Nikki McArthur recently drove from south-west France to the mud of Dunkirk’s makeshift Grande-Synthe camp. In the first of a series of blogs about the experience, she tells us why.
Last week I left my kids, husband and cosy, safe life in south-west France and drove over 1000 kilometres to volunteer at the makeshift refugee camp in Grande-Synthe, Dunkirk. Why? Because I’ve been collecting and delivering donations over the past five months with France and Beyond and I hoped it would give me an insight into how to help more in the future. Besides, Roni from Hub 16 had 60 high-quality sleeping bags to distribute and I had a van we could take them in.
I’ve been back a few days now and everyone keeps asking, “So how did it go? What was it like?” So for those of you who’d like to volunteer but can’t – or for those of you who do want to volunteer but aren’t sure what to expect – here are some of my initial impressions.
We arrived the first day with a van full of sleeping bags, socks, warm clothes and food, and parked in the Decathlon carpark less than a 5-minute walk from the camp. We put on our wellies, waterproofs and high viz jackets and marched up the road to the main entrance.
We might as well have had big ‘L’ plates on our backs, we were so obviously new.
As we walked up the main road to the camp, it was bizarre to see the housing estate on one side of the road and on the other a massive sprawl of tents and mud.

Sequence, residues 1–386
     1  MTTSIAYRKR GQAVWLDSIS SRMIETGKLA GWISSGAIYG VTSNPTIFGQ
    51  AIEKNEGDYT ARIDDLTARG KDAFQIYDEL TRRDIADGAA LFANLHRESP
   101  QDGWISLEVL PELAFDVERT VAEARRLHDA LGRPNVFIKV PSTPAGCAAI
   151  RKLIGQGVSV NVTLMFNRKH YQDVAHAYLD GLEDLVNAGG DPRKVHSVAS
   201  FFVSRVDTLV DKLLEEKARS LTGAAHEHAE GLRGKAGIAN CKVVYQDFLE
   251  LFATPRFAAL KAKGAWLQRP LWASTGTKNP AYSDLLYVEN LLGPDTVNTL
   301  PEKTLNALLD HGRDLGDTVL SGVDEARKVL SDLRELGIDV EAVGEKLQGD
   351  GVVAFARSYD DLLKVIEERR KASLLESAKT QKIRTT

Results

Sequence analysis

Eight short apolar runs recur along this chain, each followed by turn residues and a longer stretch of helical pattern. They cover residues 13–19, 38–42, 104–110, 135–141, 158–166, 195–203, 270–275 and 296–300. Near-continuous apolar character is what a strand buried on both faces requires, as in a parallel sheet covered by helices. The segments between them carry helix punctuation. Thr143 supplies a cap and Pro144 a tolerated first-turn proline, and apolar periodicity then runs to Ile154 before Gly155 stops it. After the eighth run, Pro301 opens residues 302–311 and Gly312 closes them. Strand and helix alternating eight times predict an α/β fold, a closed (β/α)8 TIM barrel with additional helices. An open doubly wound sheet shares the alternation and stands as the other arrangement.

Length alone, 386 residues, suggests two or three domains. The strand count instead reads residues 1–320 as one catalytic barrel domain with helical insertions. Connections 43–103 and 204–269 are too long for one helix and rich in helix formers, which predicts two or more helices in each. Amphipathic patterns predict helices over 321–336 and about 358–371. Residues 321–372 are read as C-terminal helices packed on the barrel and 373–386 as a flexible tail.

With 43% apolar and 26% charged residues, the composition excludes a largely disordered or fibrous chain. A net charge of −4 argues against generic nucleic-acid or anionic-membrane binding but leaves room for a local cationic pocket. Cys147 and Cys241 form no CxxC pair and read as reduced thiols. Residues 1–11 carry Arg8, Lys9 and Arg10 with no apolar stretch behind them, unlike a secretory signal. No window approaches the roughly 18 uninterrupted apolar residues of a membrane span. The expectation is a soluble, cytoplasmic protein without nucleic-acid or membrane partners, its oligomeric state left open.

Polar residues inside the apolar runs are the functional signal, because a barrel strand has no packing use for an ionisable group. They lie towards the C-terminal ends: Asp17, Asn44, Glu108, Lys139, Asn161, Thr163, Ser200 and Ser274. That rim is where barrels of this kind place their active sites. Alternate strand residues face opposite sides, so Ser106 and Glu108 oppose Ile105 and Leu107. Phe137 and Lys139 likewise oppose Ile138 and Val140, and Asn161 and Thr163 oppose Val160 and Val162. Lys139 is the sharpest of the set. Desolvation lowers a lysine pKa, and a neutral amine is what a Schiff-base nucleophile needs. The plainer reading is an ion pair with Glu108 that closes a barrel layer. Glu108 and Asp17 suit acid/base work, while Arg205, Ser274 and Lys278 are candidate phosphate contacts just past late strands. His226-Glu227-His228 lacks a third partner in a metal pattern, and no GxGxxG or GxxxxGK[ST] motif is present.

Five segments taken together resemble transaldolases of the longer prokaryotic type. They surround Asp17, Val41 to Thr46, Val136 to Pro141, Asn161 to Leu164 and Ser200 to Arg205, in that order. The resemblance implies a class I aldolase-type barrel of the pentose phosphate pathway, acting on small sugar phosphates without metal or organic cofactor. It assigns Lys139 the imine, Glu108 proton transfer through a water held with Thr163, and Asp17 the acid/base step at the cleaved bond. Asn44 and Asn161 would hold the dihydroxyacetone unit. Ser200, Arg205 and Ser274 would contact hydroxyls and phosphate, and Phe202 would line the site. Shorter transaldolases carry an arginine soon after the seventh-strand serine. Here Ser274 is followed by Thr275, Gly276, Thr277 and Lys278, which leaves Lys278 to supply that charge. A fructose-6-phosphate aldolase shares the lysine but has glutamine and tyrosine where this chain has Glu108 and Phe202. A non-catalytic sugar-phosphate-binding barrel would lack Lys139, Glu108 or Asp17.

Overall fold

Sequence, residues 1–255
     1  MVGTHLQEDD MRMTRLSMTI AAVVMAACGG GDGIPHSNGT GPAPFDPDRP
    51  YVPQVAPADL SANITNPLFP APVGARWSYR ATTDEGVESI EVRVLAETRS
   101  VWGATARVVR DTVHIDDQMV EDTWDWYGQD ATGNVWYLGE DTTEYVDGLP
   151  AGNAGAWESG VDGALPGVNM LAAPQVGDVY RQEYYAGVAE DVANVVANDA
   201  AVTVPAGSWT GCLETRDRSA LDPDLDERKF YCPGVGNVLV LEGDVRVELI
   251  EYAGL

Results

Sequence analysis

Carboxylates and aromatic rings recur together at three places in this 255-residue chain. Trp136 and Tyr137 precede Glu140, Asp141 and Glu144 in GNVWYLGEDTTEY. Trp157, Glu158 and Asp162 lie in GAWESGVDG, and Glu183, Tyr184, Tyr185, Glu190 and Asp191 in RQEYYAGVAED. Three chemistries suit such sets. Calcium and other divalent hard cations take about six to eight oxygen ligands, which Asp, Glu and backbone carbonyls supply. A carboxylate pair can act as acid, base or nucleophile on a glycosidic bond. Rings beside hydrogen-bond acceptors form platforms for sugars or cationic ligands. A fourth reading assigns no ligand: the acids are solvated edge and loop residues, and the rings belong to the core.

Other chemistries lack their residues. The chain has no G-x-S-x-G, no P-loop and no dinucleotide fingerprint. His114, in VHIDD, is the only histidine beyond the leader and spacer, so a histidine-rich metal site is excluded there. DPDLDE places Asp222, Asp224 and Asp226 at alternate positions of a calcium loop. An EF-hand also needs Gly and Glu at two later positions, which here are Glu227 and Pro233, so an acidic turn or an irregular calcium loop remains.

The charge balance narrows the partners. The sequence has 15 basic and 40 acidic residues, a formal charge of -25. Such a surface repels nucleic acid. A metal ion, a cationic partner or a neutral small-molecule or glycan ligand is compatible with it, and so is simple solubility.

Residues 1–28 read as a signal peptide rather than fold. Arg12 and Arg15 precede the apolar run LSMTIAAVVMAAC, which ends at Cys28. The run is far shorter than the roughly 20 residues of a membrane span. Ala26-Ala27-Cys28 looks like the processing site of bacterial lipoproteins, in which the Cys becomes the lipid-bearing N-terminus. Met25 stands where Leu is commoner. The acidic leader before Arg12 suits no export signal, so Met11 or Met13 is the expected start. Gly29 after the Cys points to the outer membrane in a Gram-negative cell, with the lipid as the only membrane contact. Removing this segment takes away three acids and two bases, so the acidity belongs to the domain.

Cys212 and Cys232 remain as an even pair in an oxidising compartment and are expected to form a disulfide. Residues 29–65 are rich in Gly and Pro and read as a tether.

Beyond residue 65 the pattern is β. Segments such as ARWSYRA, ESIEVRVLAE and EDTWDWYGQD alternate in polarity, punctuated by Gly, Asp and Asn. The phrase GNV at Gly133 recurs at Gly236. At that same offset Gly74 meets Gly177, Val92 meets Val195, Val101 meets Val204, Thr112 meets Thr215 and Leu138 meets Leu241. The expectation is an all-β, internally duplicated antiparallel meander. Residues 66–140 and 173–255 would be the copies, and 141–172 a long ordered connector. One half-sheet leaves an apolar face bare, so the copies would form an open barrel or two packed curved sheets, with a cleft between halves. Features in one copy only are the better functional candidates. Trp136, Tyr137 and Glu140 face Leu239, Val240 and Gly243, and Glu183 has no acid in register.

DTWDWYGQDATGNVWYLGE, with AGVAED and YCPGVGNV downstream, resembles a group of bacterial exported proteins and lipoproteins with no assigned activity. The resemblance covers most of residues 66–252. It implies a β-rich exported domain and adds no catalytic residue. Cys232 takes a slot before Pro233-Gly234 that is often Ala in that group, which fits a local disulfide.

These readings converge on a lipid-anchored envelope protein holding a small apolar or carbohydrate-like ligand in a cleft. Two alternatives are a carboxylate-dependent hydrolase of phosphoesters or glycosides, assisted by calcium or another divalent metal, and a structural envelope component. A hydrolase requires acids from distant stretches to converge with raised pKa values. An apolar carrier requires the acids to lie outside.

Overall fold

When we arrived at the main entrance, there were about four police on the gate. They looked at our IDs, asked which organisation we were volunteering with, then told us we couldn’t go in without a pass from the Mairie.
Stunned, we turned back towards the carpark, asking the volunteers we passed for advice. We were told to just go through a gap in the fence as this was total rubbish; the police had no right to stop us and it was the first time anyone had heard of this.
I didn’t really feel happy about it as we were so easy to recognise (Roni and I with our long blonde hair). There didn’t seem a choice, though, so we slipped through one of the side paths directly into a muddy, wooded area of the camp.
It was like stepping into another world, dozens of flimsy tents strewn haphazardly around thick muddy paths amid piles of rubbish. We waded through the mud soup to the ‘main street’ of the camp, trying to avoid the attention of the gendarmes who had just turned us away.
Before going, I had prepared myself to be shocked. I’d read a lot of reports and I was concerned I might be a useless blubbering mess. In December I’d visited a camp in Bordeaux where 200 guys are squatting in a disused factory. I was shocked at how deeply affected I was by the experience of witnessing how they survive with so little and yet manage to smile and welcome us like friends.
I’d cried much of the way home from Bordeaux that day and felt too emotional to talk about it for quite a while afterwards. If I was so deeply affected by this, how on Earth was I going to react to the dreadful conditions in Dunkirk?